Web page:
The non-Smad pathway acts via MEK1/2 and p38 MAPK. MEK1/2 is an upstream signaling molecule of p38 MAPK activation (26). In the present study, the inhibition of MEK1/2 and p38 MAPK in HeLa cells prevented the stimulatory effect of TGF-β1 on maspin expression without affecting Smad phosphorylation. The phosphorylation of p53 at Ser389 by p38 MAPK increases its DNA-binding capability (27). Cordenonsi et al (28) revealed that, in H1299 human lung cancer cells, MEK1/2 inhibition by U0126 blocks the phosphorylation of p53, which is concomitant with the loss of TGF-β1-induced p21 expression. The inhibition of the Smad-dependent TGF-β1 signaling pathway by SIS3 in the present study did not interfere with the non-Smad pathway, as demonstrated by the presence of phospho-p38 MAPK. This is consistent with previous data suggesting that TGF-β1-mediated activation of p38 MAPK signaling is independent of TGF-β1 type I receptor-mediated Smad activation (29). Therefore, it is possible that the non-Smad TGF-β1 pathway of maspin gene expression induction is mediated by MEK1/2 and p38 MAPK phosphorylation of p53, which promotes p53 binding to maspin promoter.

Hypermethylation of the maspin promoter contributes to maspin silencing in cancer cells (30). Previously, TGF-β1 was not observed to have an effect on maspin expression in a number of cancer cell lines, including the mammary carcinoma cell line MDA-MB-231 which has mutant p53 and maspin promoter hypermethylation (18). In maspin-expressing transformed cells, including MCF10A, the maspin promoter is hypomethylated (31). The present study also identified hypomethylated maspin promoters in HeLa cells (data not shown).

TGF-β1 may induce the migration and invasion of several types of carcinoma cells via the activation of the PI3K and Akt pathway (32). In the present study, a similar event, in which TGF-β1 stimulated the migration and invasion of HeLa cells, was observed. Although maspin has been demonstrated to inhibit cancer cell motility and invasiveness (33), in HeLa cells the TGF-β1-induced increase in maspin levels was apparently not sufficient to attenuate the cancer cell migration and invasion properties mediated by TGF-β1. Despite the tumor suppressive activities of maspin in numerous types of cancer cells, a paradoxical increase of maspin expression has been identified in several malignant cell types compared with their normal cells of origin, including those from lung (34), bladder (35), and ovarian tissues (36). An upregulation of maspin expression is also associated with the advanced stages of several types of tumors, including tumors of the cervix (37), endometrium (38), and pancreas (9). In addition, the subcellular localization of maspin may serve a critical role in its biological function. For example, the nuclear localization in cancer cells is essential for the tumor suppressor activity of maspin (39). In addition, an increased cytoplasmic localization of maspin was revealed in an invasive SKOV3 cell line, but any tumor suppressive activity may have been inactivated, as the invasion capabilities were not affected by a blocking antibody (7). Therefore, TGF-β1-induced maspin expression may not be able to inhibit tumor invasion and may serve a role in cancer progression.

In conclusion, the present study demonstrated the increased expression of maspin induced by TGF-β1 in human cervical carcinoma HeLa and oral squamous carcinoma HSC4 cell lines. The results indicated that the upregulation of maspin expression was due to Smad and non-Smad MEK/MAPK TGF-β1 signaling pathways, acting independently but converging to promote p53 binding to the maspin promoter. However, the underlying molecular mechanisms of this phenomenon require additional study, and may provide supporting evidence for an association between the inflammatory response and cancer progression, which may lead to the development of novel cancer prevention and treatment strategies.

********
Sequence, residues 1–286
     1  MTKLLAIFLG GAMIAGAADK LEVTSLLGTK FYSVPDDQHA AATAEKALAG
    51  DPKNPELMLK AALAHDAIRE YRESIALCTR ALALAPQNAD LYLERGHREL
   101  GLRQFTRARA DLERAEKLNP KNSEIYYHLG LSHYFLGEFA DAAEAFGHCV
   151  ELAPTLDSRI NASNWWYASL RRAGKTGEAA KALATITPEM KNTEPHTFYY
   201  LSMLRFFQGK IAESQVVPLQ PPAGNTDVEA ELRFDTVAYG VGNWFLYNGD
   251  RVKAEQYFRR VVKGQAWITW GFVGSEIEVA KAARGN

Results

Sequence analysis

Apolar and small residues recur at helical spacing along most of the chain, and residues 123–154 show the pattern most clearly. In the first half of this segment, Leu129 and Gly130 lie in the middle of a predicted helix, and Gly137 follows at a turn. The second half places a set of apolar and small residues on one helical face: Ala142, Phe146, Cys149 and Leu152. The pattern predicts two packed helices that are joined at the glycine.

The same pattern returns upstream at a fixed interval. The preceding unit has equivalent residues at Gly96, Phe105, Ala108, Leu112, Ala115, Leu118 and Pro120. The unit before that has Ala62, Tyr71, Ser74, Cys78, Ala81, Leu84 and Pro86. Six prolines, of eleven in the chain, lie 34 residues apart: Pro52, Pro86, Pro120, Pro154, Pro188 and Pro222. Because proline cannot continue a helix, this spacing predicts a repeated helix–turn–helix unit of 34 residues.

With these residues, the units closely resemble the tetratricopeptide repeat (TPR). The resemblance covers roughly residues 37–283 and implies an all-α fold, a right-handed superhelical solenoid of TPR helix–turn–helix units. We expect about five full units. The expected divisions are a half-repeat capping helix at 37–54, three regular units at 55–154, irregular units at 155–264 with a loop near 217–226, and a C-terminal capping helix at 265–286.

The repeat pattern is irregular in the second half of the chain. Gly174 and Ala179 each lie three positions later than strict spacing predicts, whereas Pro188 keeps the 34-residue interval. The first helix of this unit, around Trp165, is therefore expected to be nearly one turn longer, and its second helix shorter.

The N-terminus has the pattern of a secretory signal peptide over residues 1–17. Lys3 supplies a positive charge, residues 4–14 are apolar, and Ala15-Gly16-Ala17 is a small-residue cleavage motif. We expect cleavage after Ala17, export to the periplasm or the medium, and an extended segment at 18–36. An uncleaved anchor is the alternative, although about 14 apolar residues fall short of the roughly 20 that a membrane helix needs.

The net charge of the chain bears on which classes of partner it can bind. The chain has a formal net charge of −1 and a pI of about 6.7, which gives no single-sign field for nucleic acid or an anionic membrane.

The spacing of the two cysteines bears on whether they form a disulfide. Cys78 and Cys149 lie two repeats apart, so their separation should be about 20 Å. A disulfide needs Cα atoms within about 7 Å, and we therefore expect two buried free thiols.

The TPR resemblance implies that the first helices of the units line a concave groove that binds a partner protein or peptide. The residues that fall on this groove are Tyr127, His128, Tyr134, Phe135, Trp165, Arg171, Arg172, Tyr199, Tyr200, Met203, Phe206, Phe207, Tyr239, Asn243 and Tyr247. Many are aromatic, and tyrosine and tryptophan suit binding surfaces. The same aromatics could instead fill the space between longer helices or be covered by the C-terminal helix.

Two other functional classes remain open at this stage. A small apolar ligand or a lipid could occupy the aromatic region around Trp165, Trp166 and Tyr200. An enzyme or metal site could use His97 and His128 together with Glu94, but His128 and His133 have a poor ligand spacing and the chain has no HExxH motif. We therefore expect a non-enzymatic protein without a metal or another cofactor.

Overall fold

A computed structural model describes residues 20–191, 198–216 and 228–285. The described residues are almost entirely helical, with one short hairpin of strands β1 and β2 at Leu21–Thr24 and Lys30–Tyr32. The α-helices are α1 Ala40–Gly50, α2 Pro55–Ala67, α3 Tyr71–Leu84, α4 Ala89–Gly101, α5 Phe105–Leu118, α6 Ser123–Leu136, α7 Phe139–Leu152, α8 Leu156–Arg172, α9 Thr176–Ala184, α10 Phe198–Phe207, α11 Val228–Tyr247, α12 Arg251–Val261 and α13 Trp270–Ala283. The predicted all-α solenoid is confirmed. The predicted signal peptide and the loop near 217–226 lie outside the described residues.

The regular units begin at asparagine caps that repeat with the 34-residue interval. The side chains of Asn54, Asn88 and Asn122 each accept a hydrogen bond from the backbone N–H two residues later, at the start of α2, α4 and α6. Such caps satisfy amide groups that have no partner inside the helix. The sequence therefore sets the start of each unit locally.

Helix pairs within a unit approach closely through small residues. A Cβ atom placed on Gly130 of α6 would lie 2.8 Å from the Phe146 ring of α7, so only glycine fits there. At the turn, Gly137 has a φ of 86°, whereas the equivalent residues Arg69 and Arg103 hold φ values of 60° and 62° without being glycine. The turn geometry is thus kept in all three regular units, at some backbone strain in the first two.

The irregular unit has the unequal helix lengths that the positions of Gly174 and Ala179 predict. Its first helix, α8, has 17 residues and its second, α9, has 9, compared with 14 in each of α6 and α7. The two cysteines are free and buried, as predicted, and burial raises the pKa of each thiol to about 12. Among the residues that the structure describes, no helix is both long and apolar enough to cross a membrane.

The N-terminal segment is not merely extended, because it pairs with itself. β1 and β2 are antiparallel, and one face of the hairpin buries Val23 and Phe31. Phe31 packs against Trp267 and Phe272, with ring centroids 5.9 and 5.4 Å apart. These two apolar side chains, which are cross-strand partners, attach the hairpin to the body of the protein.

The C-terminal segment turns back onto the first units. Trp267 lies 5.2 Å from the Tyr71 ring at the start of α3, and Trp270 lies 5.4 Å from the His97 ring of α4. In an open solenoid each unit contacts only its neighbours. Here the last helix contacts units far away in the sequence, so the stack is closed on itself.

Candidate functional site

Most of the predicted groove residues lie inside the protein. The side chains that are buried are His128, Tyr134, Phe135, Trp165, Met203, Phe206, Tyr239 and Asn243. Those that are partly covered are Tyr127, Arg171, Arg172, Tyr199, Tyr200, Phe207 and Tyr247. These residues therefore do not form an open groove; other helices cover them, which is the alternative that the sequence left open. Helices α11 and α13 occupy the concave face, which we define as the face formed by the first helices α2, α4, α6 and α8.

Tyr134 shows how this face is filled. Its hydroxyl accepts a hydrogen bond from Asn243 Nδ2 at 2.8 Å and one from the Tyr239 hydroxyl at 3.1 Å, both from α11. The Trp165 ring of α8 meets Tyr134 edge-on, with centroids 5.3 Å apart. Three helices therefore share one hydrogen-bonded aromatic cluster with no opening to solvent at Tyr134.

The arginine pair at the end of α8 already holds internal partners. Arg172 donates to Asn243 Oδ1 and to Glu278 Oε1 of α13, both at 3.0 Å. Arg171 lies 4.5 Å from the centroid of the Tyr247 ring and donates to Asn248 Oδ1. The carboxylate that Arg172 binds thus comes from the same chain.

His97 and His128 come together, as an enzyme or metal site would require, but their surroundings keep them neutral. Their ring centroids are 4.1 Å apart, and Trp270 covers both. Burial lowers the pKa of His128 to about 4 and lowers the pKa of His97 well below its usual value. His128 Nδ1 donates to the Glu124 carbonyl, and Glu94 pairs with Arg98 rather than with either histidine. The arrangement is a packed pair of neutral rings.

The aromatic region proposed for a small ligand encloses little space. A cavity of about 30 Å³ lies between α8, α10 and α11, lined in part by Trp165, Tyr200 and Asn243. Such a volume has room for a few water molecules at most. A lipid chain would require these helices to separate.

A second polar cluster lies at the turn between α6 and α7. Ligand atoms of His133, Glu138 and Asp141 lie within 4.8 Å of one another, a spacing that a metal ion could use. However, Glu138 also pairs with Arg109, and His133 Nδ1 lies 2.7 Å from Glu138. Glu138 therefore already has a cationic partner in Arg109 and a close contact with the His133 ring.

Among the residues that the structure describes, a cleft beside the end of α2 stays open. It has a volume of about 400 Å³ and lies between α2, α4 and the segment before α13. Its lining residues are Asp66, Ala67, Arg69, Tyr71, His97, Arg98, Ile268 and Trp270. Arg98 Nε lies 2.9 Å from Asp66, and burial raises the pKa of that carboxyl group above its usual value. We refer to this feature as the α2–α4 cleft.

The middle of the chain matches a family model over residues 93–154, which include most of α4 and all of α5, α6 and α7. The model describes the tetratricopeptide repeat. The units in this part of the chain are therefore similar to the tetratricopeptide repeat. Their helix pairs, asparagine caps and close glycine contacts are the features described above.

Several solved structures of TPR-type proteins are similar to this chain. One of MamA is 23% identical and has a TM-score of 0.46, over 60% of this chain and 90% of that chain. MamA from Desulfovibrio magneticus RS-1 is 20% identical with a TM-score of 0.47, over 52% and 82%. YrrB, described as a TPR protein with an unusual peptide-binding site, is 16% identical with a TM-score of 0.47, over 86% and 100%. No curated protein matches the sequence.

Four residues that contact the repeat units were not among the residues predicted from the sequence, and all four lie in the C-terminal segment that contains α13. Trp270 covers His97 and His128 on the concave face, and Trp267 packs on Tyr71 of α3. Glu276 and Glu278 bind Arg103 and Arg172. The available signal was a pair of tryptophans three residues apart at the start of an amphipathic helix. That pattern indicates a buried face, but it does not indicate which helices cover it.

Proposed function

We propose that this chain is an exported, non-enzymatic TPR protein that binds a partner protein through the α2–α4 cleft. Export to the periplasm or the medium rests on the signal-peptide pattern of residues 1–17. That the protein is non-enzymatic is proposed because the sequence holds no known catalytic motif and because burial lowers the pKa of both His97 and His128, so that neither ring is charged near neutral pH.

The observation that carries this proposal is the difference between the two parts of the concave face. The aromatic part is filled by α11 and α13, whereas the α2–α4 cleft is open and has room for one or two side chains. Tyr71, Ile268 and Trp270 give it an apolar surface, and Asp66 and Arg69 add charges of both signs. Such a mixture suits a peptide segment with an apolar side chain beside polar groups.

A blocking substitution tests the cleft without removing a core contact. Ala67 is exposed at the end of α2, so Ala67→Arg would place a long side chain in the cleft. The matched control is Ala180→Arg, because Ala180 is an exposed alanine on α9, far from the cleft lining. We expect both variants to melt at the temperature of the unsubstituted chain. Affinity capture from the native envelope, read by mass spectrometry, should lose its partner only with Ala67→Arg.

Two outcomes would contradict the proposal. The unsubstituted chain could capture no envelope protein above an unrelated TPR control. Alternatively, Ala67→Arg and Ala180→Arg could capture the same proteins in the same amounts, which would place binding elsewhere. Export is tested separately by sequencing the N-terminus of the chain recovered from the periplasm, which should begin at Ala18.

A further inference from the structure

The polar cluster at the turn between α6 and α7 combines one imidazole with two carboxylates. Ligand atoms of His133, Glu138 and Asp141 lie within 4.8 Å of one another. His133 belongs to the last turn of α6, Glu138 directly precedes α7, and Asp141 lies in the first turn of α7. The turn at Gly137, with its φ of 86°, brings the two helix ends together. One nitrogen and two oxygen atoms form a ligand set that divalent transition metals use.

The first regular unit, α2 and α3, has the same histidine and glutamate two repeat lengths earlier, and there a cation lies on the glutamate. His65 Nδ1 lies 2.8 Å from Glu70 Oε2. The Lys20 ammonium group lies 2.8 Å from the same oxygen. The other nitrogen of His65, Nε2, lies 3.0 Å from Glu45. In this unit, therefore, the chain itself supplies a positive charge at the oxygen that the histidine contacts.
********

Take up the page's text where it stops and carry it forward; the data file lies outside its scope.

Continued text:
The present study was supported by grants from the National Research Council of Thailand (grant no. 48499), the Faculty of Medicine Research Fund of Chiang Mai University (grant no. 077/2558), the Office of the Higher Education Commission and Mahidol University under the Thailand National Research Universities Initiative and the Faculty of Dentistry of Mahidol University. The authors would like to thank Professor Prapon Wilairat (Faculty of Science, Mahidol University) for critical reading of the manuscript and useful comments.



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Volume 13 Issue 5

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Wongnoppavich A, Dukaew N, Choonate S and Chairatvit K: Upregulation of maspin expression in human cervical carcinoma cells by transforming growth factor β1 through the convergence of Smad and non‑Smad signaling pathways. Oncol Lett 13: 3646-3652, 2017
Wongnoppavich, A., Dukaew, N., Choonate, S., & Chairatvit, K. (2017). Upregulation of maspin expression in human cervical carcinoma cells by transforming growth factor β1 through the convergence of Smad and non‑Smad signaling pathways. Oncology Letters, 13, 3646-3652.
Wongnoppavich, A., Dukaew, N., Choonate, S., Chairatvit, K."Upregulation of maspin expression in human cervical carcinoma cells by transforming growth factor β1 through the convergence of Smad and non‑Smad signaling pathways". Oncology Letters 13.5 (2017): 3646-3652.
Wongnoppavich, A., Dukaew, N., Choonate, S., Chairatvit, K."Upregulation of maspin expression in human cervical carcinoma cells by transforming growth factor β1 through the convergence of Smad and non‑Smad signaling pathways". Oncology Letters 13, no. 5 (2017): 3646-3652.